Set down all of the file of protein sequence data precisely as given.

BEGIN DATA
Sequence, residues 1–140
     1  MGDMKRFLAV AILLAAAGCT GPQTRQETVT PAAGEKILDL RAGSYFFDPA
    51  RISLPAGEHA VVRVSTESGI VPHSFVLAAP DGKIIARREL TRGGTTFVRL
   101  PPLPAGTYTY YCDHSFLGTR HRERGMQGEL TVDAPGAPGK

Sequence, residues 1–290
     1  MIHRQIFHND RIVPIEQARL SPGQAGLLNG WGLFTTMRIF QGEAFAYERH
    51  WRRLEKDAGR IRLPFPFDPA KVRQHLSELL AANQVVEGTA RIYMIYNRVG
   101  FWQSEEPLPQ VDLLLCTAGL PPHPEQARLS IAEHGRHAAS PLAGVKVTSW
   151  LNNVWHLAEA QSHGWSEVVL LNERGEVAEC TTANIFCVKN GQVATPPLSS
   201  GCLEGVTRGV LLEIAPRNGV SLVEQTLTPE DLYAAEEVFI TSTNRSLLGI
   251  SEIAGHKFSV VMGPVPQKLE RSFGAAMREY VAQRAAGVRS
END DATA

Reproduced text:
Sequence, residues 1–140
     1  MGDMKRFLAV AILLAAAGCT GPQTRQETVT PAAGEKILDL RAGSYFFDPA
    51  RISLPAGEHA VVRVSTESGI VPHSFVLAAP DGKIIARREL TRGGTTFVRL
   101  PPLPAGTYTY YCDHSFLGTR HRERGMQGEL TVDAPGAPGK

Sequence, residues 1–290
     1  MIHRQIFHND RIVPIEQARL SPGQAGLLNG WGLFTTMRIF QGEAFAYERH
    51  WRRLEKDAGR IRLPFPFDPA KVRQHLSELL AANQVVEGTA RIYMIYNRVG
   101  FWQSEEPLPQ VDLLLCTAGL PPHPEQARLS IAEHGRHAAS PLAGVKVTSW
   151  LNNVWHLAEA QSHGWSEVVL LNERGEVAEC TTANIFCVKN GQVATPPLSS
   201  GCLEGVTRGV LLEIAPRNGV SLVEQTLTPE DLYAAEEVFI TSTNRSLLGI
   251  SEIAGHKFSV VMGPVPQKLE RSFGAAMREY VAQRAAGVRS